When I use a 18% Gray Card the light meter measures the correct amount of reflected light. With this shutter speed I the white and black sheets will look... white and black.

When I use a 18% Gray Card the light meter measures the correct amount of reflected light. With this shutter speed I the white and black sheets will look... white and black.

With the shutter speed measured on the gray card, the photo of the black sheet will be exposed correctly, not influenced by the dark tones of the sheet.

With the shutter speed measured on the gray card, the photo of the black sheet will be exposed correctly, not influenced by the dark tones of the sheet.

The photo of the white sheet will also be exposed correctly, not influenced by the bright tones of the sheet.

The photo of the white sheet will also be exposed correctly, not influenced by the bright tones of the sheet.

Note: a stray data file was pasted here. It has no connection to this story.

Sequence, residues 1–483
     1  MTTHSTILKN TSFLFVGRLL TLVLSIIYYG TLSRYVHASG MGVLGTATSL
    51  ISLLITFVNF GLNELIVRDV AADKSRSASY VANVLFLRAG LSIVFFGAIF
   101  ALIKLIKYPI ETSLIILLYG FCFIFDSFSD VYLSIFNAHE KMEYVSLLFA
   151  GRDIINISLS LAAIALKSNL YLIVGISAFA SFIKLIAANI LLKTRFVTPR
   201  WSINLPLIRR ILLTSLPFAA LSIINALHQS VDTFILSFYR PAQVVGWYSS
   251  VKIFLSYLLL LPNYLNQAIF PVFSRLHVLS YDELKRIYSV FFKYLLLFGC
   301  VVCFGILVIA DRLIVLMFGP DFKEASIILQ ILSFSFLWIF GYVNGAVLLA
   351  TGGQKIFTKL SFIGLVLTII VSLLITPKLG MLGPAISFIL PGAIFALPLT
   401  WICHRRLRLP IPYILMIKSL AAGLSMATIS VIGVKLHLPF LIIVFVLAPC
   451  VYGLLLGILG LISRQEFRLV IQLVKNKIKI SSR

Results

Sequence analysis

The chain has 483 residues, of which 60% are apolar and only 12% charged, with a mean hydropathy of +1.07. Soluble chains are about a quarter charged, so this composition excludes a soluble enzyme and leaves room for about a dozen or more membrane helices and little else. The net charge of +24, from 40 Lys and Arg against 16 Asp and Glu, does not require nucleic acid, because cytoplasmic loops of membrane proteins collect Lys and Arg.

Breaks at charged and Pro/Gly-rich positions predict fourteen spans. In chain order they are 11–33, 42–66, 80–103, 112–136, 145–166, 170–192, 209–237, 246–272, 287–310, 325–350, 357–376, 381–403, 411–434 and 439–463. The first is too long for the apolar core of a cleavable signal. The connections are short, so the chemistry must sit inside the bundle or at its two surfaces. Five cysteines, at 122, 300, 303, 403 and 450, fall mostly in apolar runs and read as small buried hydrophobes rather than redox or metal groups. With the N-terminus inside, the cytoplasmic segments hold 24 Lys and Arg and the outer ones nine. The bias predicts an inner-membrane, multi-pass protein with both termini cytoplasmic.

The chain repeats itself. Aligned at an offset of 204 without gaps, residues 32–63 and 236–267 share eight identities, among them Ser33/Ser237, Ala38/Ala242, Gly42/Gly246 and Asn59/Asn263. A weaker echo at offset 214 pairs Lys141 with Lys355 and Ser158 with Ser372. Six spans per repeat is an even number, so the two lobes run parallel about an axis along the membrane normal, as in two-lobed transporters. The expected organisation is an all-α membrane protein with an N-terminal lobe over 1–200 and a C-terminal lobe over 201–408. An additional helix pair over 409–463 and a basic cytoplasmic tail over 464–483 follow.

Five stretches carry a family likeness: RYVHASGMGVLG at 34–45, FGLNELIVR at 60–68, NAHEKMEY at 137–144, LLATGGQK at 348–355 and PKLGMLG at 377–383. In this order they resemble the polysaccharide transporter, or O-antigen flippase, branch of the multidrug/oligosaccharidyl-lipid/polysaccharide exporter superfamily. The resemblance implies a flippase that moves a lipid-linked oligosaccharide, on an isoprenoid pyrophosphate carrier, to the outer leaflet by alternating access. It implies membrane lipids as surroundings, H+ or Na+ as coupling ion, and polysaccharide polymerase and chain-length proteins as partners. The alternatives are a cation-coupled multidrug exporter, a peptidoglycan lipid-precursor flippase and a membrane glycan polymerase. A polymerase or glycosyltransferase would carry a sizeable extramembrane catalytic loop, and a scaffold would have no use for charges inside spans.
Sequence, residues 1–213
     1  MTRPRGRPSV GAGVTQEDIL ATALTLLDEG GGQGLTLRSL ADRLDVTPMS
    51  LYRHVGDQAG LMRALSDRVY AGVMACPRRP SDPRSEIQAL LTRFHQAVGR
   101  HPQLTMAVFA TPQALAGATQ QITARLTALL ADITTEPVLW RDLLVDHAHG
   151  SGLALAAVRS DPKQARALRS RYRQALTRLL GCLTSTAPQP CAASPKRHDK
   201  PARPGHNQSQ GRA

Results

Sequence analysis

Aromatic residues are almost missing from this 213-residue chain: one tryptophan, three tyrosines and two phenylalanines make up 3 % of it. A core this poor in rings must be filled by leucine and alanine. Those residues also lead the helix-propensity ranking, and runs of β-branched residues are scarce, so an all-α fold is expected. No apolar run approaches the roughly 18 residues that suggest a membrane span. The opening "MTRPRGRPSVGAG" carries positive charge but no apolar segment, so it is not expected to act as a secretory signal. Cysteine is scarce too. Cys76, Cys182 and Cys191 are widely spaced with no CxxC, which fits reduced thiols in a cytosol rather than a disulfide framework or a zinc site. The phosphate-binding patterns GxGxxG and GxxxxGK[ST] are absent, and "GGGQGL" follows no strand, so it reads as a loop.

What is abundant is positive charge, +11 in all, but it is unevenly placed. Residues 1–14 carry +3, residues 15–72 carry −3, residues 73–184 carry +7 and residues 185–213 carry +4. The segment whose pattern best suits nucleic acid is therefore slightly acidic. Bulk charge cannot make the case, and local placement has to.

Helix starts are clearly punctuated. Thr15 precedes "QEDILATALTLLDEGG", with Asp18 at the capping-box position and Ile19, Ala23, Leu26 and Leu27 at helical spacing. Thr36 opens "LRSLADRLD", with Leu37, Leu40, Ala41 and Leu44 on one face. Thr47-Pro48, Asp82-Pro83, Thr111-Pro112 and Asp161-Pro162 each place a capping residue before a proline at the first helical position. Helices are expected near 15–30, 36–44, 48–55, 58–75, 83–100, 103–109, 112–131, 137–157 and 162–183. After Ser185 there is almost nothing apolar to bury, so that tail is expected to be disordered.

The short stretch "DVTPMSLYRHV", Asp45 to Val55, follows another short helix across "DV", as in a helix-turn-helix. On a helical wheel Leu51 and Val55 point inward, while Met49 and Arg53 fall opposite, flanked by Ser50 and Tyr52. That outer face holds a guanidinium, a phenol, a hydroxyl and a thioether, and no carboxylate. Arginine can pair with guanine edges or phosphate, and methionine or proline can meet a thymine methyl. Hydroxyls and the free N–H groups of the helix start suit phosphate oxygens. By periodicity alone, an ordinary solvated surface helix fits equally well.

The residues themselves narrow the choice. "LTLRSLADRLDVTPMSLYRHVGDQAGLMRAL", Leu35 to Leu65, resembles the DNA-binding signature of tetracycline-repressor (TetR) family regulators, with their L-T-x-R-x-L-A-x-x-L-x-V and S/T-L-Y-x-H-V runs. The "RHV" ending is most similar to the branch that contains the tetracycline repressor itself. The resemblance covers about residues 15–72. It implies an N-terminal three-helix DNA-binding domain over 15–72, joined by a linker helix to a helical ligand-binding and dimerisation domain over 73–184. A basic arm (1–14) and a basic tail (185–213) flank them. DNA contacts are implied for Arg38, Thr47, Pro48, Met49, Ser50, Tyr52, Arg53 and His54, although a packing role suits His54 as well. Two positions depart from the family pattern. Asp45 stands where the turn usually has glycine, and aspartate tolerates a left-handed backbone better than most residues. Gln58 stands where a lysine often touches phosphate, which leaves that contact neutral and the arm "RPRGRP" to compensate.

The Real Reason to Use a Gray Card

As you can see, the 18% gray card is meant to calibrate the light meter inside your camera. As a matter of fact, it is a sort of substitute for a hand held light meter, that measures the light that falls on the subject itself.

If you use the gray card for calibrating the white balance, just continue to do so. It works in most situations. But if you want to do it correctly, use a card that is made for white balance calibration. Often it is a white piece of card or, in my case, the back of the Lastolite foldable gray card. You can also use an Expo disk for that.

Just remember, the 18% gray card is not for white balance, but for a calibrated measurement of the exact amount of light.

Did you know the 18% gray card was not meant for white balance calibration? Or have you never used something to calibrate light or white balance? Please leave your experience in a comment below.